This road trip was a speed bump that was accentuated by the rest of the AL East riding a wave of excitement and optimism after some big deadline moves. Those teams made those moves because they knew they would have to beef up to compete with the Boston Red Sox. Yet I’ve heard from a contingent of Neanderthals that believe that the Red Sox’ very own front office doesn’t believe in them, and the reason why they didn’t add at the deadline was because they didn’t want to make beds in a burning house. The theory among some is that this abandonment (I’ve actually seen that word used to describe it) offended the players, killed their confidence, and caused them to essentially quit on the rest of the season.
Let’s start by thinking about the probability of all this. The Red Sox were in first place at the trade deadline. They had begun slumping by that point, but there was no indication that their losing ways would continue at all, let alone progress into a season-killing freefall. As I mentioned above, the Red Sox were not all in on 2021 to begin the year. They were building for 2022 and beyond, while hoping to compete in 2021. So, it should be no surprise that Chaim Bloom did not burn off any of the franchise’s top prospects in exchange for a two-month rental on his way to free agency.
That’s not to say that the Sox did not seek to improve at the deadline. In fact, I still believe they did improve. Schwarber is a dangerous lefthanded power hitter with an injury that shouldn’t keep him out of action for much longer. He’s exactly the kind of bat the Red Sox need for the stretch run, and the crybabies that were so pissed about getting Schwarber instead of Rizzo will eat their words soon enough.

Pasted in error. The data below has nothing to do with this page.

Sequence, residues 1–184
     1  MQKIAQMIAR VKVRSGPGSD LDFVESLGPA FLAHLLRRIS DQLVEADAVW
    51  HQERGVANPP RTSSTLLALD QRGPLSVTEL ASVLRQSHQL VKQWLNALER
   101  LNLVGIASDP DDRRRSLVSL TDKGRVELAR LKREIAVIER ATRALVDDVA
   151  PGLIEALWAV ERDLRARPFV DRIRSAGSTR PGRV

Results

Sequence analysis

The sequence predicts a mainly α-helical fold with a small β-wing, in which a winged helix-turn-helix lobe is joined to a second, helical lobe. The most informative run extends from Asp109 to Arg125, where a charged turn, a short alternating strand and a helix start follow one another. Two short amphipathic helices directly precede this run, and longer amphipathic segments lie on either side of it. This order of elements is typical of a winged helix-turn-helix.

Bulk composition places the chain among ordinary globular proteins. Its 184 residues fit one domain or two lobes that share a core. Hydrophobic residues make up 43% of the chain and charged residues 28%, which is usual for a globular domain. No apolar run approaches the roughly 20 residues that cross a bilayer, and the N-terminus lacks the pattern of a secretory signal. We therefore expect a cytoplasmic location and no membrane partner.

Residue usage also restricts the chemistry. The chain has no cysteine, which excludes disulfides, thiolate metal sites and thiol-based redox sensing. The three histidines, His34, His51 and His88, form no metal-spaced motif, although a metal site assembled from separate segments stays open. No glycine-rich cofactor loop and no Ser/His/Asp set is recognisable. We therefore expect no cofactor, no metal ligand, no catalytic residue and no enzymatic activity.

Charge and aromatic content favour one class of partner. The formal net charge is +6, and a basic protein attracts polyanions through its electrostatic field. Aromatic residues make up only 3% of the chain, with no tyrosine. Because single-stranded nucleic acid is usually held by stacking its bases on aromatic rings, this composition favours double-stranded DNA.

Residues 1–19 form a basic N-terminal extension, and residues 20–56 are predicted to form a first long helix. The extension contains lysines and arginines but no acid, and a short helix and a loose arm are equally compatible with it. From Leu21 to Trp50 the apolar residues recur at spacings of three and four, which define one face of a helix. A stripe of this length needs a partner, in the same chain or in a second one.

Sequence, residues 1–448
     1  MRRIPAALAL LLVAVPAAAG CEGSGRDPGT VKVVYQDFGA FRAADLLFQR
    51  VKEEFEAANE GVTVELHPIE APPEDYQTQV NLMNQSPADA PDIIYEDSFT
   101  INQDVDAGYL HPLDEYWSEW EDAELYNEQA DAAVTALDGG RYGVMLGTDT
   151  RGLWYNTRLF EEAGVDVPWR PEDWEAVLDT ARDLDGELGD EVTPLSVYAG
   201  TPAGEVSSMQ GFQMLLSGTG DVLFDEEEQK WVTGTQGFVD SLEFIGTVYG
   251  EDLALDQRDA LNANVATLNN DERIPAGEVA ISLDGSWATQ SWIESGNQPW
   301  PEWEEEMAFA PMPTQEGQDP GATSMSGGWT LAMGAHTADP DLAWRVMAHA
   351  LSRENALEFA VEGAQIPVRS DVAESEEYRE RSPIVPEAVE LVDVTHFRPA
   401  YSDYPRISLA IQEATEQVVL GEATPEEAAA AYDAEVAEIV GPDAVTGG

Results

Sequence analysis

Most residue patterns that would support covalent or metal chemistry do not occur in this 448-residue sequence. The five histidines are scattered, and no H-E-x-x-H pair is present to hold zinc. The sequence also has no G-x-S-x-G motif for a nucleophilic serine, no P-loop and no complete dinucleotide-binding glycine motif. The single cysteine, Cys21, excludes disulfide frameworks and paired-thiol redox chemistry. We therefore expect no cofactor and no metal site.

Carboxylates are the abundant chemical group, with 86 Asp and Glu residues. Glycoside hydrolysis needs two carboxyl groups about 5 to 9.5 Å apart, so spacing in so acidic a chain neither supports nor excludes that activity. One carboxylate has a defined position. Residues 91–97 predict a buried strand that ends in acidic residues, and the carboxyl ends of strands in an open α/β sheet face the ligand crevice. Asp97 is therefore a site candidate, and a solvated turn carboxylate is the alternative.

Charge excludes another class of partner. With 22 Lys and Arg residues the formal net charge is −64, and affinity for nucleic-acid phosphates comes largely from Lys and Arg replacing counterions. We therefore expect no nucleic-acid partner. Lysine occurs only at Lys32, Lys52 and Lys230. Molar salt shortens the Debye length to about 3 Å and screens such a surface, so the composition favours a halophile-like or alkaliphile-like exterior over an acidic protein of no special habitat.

The Red Sox did not make any big deadline moves because Dave Dombrowski was a lazy, uncreative GM that had no interest in the future at any time during his tenure in Boston. Winning a world series in 2018 was fantastic, but I’d rather have a chance to win for five years than risk everything for one year. I have to follow this team for the rest of my life, so I’d appreciate it if they had as many shots at a title as they can get. Bloom is rebuilding the farm system so the Red Sox will have prospects to develop, both to play for Boston in the future and to trade away for major league talent when the need arises in the future.
Given the current state of the Red Sox farm system, they could not compete with the Yankees for Anthony Rizzo or the Dodgers for Max Scherzer because they could not do so without stripping their farm system of talent the way Dombrowski did before Bloom got here. Everybody who is whining about not getting a top player for a 2021 playoff run would be the first ones to whine even harder next April for the team not being able to acquire a starting pitcher for 2022 because they have no marketable assets left to trade away.
Operating for the appeasement of the loud majority of fans that will always find something to piss and moan about is a losing proposition. They will never be satisfied, and they will rake anybody that ever is satisfied over the coals as an apologist or a happy homer.
As for the players giving up over being butthurt that the organization didn’t acquire a slew of stars to compliment a team that has been in first place most of the season, let’s hope that’s not the case. Because if that is the stuff that these Boston Red Sox are made of, this team never had any hope of winning a World Series this year. These are professional baseball players. They know perfectly well how the front office’s priorities line up with their own. I refuse to believe that a team that fights as hard as they do could collectively check out over straightforward, easily relatable business decisions that were made for the long-term future of the team.
The Yankees, Rays, and Blue Jays are on fire. That won’t last forever. The Red Sox are reeling. That won’t last forever either. Hot streaks, cold streaks, and regression to the mean are certainties in Major League Baseball. The Sox are too good a team to keep up their current pace, and no team is good enough to maintain the pace that the other three teams are on.
The 2021 American League East race will be a four-team dogfight until the very end. This week, each team will sink back to what they truly are: four of the best teams in Major League Baseball. None of them are unbeatable. None of them are weak.
And as always, if you’ve jumped off the bandwagon already, please stay off.
The ride is closed.